UPMC recently joined a small number of hospitals and health systems committed to offering a minimum starting wage of $15.00 per hour. UPMC's chief human resources officer explains why and how the decision was made.
Raising the minimum wage has become a hot topic this election cycle. Democratic party presidential hopefuls, the U.S. Secretary of Labor, the Governor of New York, municipal leaders, labor unions and advocates, and voters are weighing in with their opinions.
But even among proponents, the question of how much of an increase is warranted is a divisive issue. Some advocates argue that anything less than a $15.00 hourly minimum denies workers a living wage. Opponents say higher wages will hurt competition and result in job cuts. In the healthcare sector, opponents also cite increased healthcare costs for patients, fewer employment benefits, and a reduced ability to provide charity care.
With hospitals and health systems often being the largest employers in a region, joining the national conversation on wages is inevitable for many healthcare organizations. Maine Medical Center in Portland, has said that a wage hike to $15.00 hourly would be fiscally unsustainable.
But Beth Israel Deaconess Medical Center in Boston, has announced that it will adopt a minimum $15.00-per-hour starting wage. And on March 29, University of Pittsburgh Medical Center (UPMC) became the latest health system to announce an increase to a minimum of $15.00 in its starting wage for hourly employees. The change is expected to become effective by January 2021, with the wage rising gradually each year until then.
"We wanted to do this in a very responsible and affordable way," says John Galley, chief human resources officer at UPMC. "Because we're such a large employer, we had to do this in a way that wasn't going to be inflationary in terms of healthcare costs."
Galley outlines three reasons behind UPMC's decision to move to a $15.00 hourly starting wage.
1. Recruiting and Retention
A primary driver behind announcing the wage increase was the desire to remain competitive in recruiting and retaining the region's best employees. "At UPMC, we believe in pay for performance," says Galley. Paying a higher wage is expected to attract top talent.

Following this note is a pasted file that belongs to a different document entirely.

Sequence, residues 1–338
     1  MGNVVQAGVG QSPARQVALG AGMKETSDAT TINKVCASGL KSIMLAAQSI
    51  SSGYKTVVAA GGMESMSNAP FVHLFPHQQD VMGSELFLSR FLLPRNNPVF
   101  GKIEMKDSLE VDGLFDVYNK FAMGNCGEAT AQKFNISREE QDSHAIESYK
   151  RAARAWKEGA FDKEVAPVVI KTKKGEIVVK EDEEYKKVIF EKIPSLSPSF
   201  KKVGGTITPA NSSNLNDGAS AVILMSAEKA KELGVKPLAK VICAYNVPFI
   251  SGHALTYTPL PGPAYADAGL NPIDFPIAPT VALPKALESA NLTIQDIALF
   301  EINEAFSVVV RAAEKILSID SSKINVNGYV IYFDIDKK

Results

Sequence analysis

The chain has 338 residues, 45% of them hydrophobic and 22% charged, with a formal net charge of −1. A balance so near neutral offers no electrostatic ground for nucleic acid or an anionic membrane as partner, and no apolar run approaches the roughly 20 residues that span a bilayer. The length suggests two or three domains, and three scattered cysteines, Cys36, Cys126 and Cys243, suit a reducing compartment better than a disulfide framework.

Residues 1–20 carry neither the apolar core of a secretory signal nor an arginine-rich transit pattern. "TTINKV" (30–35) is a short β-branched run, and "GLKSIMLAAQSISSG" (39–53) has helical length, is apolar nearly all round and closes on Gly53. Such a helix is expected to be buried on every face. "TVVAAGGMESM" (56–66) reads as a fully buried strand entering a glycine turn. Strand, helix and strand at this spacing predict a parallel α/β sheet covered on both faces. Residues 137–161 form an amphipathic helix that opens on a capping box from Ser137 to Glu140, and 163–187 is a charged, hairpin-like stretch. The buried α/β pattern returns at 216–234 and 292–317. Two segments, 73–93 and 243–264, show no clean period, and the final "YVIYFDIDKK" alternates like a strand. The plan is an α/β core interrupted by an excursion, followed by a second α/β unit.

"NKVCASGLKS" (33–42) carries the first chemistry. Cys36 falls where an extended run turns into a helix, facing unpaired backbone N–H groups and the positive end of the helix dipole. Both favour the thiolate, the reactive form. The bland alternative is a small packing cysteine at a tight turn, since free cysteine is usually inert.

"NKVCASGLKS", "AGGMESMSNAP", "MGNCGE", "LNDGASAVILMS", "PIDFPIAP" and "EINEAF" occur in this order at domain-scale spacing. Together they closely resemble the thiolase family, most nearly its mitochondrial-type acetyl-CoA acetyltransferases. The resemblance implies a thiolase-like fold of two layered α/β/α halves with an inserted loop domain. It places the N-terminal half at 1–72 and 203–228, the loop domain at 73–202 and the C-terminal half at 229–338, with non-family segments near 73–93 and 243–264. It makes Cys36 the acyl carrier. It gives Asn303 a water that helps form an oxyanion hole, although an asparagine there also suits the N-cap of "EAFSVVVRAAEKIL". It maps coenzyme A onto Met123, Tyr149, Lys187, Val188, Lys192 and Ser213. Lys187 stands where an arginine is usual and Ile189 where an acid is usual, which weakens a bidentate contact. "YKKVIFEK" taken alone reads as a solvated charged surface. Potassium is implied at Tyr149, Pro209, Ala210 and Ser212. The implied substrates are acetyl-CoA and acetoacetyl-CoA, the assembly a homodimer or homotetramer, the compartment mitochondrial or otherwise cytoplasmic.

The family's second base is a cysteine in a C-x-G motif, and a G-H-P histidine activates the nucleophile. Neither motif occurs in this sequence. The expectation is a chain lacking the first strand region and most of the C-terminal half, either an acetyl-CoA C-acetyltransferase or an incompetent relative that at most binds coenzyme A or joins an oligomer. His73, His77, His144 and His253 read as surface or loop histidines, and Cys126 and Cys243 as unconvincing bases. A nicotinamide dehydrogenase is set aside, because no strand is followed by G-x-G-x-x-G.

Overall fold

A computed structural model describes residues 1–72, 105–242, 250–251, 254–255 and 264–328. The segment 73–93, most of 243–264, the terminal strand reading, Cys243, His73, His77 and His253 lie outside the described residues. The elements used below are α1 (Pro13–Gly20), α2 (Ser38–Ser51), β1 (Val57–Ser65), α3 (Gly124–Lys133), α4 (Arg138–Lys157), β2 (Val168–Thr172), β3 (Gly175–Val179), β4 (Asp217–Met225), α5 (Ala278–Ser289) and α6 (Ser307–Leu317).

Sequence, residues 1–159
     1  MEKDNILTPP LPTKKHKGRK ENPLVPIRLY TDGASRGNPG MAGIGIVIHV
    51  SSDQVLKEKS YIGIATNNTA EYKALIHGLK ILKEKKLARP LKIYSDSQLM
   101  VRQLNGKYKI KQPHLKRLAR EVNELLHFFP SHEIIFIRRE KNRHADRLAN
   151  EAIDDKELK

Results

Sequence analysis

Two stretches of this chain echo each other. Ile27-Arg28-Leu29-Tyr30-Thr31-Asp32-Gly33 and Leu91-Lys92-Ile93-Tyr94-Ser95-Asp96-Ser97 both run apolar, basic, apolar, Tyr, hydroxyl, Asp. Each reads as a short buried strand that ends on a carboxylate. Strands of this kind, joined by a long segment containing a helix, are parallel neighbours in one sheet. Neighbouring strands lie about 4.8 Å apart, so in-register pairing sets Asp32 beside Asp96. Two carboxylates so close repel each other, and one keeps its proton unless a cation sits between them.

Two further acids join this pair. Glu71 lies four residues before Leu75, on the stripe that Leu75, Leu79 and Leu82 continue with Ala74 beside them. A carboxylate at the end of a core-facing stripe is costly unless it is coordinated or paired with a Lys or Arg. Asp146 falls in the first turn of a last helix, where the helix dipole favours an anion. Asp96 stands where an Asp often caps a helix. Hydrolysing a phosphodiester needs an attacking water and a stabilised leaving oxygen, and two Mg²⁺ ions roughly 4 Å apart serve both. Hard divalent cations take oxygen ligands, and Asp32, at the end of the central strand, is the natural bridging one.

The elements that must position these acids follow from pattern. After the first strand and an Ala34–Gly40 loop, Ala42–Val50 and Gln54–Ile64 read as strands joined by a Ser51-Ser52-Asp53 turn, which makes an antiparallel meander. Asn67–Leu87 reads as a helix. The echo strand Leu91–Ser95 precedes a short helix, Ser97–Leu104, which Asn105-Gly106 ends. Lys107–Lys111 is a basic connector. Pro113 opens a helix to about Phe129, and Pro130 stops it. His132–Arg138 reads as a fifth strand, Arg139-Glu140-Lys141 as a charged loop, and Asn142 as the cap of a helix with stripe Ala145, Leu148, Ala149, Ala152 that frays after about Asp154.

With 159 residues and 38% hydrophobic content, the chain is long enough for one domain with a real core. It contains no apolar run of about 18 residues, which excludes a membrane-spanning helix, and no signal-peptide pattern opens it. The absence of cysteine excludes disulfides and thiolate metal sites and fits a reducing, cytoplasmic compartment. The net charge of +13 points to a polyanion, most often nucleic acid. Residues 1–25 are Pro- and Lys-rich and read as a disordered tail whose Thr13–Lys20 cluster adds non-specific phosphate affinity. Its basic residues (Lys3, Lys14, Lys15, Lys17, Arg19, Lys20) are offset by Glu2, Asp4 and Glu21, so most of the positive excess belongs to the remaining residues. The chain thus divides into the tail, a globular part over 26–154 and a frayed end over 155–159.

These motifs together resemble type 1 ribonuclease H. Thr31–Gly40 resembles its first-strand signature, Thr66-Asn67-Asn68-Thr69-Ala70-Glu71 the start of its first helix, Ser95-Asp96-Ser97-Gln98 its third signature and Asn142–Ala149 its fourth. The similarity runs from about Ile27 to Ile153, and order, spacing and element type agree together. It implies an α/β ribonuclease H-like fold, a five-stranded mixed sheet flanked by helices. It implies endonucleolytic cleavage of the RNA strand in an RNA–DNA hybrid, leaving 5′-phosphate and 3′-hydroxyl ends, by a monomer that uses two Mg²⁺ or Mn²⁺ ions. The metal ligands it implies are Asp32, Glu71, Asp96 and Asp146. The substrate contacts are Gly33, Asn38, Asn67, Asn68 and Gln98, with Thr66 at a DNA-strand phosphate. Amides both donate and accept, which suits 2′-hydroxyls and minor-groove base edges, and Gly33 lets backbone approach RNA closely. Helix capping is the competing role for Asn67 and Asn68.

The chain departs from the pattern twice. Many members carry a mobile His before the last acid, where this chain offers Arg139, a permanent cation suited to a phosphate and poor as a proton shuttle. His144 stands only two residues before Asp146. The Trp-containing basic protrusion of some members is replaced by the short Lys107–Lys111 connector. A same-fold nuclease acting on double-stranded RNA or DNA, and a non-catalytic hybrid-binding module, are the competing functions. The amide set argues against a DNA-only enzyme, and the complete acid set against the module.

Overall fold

The move seems to have had a positive effect. "We usually get about 8,000 hits daily on our recruitment page, but we got over to 10,000 on the day this was announced. It was an almost 25% increase, just on the first day alone," he told me.
Galley says that current employees have had questions as to how the increased pay will affect them, but the feedback has been overwhelmingly positive. While it's still early, he and UPMC's leadership believe increased starting wage to be well-received by existing UPMC workers.
Galley is skeptical that increased pay alone can improve employee engagement, but believes that competitive compensation, when paired with a supportive work environment featuring supervisors that care about their workers and treat them with dignity and respect, can create engagement.
2. Supported by Data
"We are a data-driven organization," says Galley. He and his colleagues feel confident that now is the right time to increase their organization's starting wage.
"We asked ourselves, is this change going to help us provide better value in market? Will it improve patient care and experience?"
Employers may have enjoyed a buyer's market for the last few years, but that's no longer the case. The effects of the last recession are coming to a close, and now is the time to recognize to step up efforts to retain workers.
"There was no study that said [we] needed to move the wage to $15.00 per hour, but we look at wages, we look at unemployment, we run forecasts…. We look at where we need to be. The culmination of all those studies led us to this decision," says Galley.
3. A Chance to Show the C-Suite HR's Strategic Abilities
HR doesn't always get a chance to display its strategic abilities to the organization, but adjusting UPMC's starting wage was an idea that got started in the HR suite.
"The initiative was born by HR," says Galley. "HR worked to study the market, to do the forecast, to develop and price the plan."
UPMC's leadership and other departments got into the act early on and were supportive, says Galley, but this was an opportunity for HR to go to bat for the health system's employees and flex the department's long range planning and strategizing muscles. "All the rigor in creating and promoting the business case was developed by HR."
Adopting a $15.00 hourly starting wage is not a goal that is right for every hospital or health system, says Galley. "Each business needs to evaluate this on their own. We're not saying that what we're doing at UPMC is right for everyone else."
But Galley has this advice for organizations considering taking the plunge. "Be bold. Dream big, and don't be afraid to take big ideas forward."
Lena J. Weiner is an associate editor at HealthLeaders Media.